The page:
The mudroom and the screened-in porch are two spaces that have the least welcoming names. Not to mention the former has a messy rap; the latter cold and claustrophobic. But all of that’s just on paper. In real life, these bonus areas are packed with potential—and these days, as we scour our homes for any extra square footage we can get, we need their help. Fortunately we just spotted two stellar examples of how to approach these spaces at the inaugural Kips Bay Decorator Show House in Dallas, which, for the first time, is open for both in-person and virtual tours this year.
“Just because a space is outside doesn’t mean it shouldn’t feel like an extension of your home,” says Tracy Hardenburg, the designer who tackled the property’s partially enclosed, quirkily-shaped porch. Today only the stone floors, white brick exterior walls, and see-through doors give away what it really is. Hardenburg, much like Erin Sander, who revamped the home’s mudroom (another key area come winter), treated it like any other hangout space, softening the layout’s harsh angles with window treatments and adding a stained oak ceiling with geometric woodwork. “What started out as an unexpected challenge wound up becoming one of my favorite projects,” says Hardenburg. Ahead, both pros share how they brought out the best in these “afterthought” rooms.
Remember: Practical Can Be Pretty
A curvy, armless couch; cradle-like armchairs; a tufted built-in bench—all of these seating options have one thing in common: They’re inviting. And in these spaces, they’re also incredibly practical. The trick? Perennials—the fabric company that can make a semi-outdoor space usable year-round. The brand is known for fade- and mold-resistant materials that are also bleach-cleanable. Hardenburg swathed the sofa on the porch in a breezy white (repeat, white!) option that has the appearance and texture of linen, while in the mudroom Sander went for something a little more luxe-looking but just as hardworking: a performance velvet dubbed Plushy in shell pink.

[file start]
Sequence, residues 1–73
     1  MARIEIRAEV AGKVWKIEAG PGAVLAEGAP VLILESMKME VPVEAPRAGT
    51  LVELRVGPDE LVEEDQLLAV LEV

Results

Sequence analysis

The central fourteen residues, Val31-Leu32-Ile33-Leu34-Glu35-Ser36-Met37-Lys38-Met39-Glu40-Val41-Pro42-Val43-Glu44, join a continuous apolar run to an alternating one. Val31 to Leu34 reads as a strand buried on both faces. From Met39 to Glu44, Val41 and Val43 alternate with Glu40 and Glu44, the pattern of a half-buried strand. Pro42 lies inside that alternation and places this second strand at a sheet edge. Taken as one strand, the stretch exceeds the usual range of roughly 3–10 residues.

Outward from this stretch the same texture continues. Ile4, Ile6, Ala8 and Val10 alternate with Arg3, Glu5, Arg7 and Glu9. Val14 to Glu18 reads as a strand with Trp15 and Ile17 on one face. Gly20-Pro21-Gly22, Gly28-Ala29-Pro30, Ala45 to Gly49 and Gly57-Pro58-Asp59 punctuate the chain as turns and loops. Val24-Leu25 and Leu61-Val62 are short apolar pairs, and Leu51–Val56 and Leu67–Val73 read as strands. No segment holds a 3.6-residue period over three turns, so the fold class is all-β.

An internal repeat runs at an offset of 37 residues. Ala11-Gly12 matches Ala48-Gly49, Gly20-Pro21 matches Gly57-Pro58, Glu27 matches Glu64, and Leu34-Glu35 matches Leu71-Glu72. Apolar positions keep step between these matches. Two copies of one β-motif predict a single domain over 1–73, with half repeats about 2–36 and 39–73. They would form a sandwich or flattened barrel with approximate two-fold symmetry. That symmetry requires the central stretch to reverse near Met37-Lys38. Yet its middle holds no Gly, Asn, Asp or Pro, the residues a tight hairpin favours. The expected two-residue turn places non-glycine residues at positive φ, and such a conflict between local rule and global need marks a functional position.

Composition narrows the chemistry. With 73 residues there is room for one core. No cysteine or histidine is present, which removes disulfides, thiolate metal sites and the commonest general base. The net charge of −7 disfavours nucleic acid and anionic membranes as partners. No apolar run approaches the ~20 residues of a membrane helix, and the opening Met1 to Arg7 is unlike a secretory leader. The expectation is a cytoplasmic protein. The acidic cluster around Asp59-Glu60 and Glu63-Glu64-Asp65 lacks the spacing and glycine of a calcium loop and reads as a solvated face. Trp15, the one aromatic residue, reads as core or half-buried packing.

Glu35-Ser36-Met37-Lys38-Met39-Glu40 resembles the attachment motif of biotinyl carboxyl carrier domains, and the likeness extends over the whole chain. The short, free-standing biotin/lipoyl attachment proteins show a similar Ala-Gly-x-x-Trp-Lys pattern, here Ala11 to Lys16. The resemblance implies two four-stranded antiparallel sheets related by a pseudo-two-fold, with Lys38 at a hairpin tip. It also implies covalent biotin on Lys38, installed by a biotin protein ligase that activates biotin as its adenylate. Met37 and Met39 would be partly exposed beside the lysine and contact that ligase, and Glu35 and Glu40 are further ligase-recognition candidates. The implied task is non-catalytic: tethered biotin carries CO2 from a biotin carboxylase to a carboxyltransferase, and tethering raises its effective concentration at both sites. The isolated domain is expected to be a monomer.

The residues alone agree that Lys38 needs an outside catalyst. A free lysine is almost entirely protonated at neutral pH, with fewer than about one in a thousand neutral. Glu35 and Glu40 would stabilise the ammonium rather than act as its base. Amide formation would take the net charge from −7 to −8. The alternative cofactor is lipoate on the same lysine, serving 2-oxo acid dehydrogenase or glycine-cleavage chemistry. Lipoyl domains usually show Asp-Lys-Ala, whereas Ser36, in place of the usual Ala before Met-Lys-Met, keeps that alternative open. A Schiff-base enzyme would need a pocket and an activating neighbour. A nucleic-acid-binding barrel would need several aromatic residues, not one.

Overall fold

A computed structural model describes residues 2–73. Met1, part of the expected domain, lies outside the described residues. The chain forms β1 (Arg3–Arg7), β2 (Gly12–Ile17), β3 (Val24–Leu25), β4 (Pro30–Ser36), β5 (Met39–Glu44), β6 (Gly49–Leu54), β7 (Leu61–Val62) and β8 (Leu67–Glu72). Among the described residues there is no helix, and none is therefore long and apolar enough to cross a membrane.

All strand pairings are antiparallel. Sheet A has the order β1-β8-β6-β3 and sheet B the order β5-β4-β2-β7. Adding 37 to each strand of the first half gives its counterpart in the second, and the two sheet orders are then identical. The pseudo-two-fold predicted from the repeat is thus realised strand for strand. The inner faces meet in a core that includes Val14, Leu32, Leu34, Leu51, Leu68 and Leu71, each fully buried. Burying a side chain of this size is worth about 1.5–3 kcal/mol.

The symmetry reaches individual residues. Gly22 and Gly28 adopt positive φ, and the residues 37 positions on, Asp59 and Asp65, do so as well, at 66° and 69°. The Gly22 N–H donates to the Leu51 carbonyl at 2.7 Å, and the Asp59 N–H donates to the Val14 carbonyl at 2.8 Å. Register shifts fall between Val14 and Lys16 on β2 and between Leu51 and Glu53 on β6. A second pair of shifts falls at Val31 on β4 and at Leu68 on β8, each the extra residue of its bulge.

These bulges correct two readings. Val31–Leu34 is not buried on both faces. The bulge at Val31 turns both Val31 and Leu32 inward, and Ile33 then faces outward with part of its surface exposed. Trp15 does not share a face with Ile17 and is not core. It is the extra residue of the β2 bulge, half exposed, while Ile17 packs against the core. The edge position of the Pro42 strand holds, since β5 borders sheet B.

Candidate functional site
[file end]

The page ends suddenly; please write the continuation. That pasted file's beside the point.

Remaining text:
Solidify the Storage
A screened-in porch, where you can still enjoy the fresh air and have the room to socially distance with friends, is a perfect place to do your entertaining this season. So store your essentials—decanters, glassware, melamine plates—inside floating cabinets. The glass frames Hardenburg chose make it feel more like a proper kitchen while also showcasing the cordovan backsplash tile on the other side. “This should be the area where couples have a drink before going out to dinner, friends snack after a swim outside, or anyone in the family can unwind after a long day,” says the designer.
Hang Your Conversation Piece
The custom Dutch-style door off the mudroom offers plenty of natural light, as do the screens on the porch, but at night it’s all about the fixtures in these types of spaces. Sander hung large metal pendant lamps in between the slats of wood on the ceiling; Hardenburg went in a more sculptural direction with a ceramic chandelier by Heather Levine.
Zoom In on the Trimwork
The white border surrounding the mudroom’s bench isn’t wallpaper—it’s actually intricate woodwork made from the same refined, rift-cut white oak used for the surrounding cabinetry. Out on the porch, Hardenburg added tiny bits of glass to the white grout in between the flagstones to make a pattern. The smallest details (think as tiny as the switch plates) are what counts.
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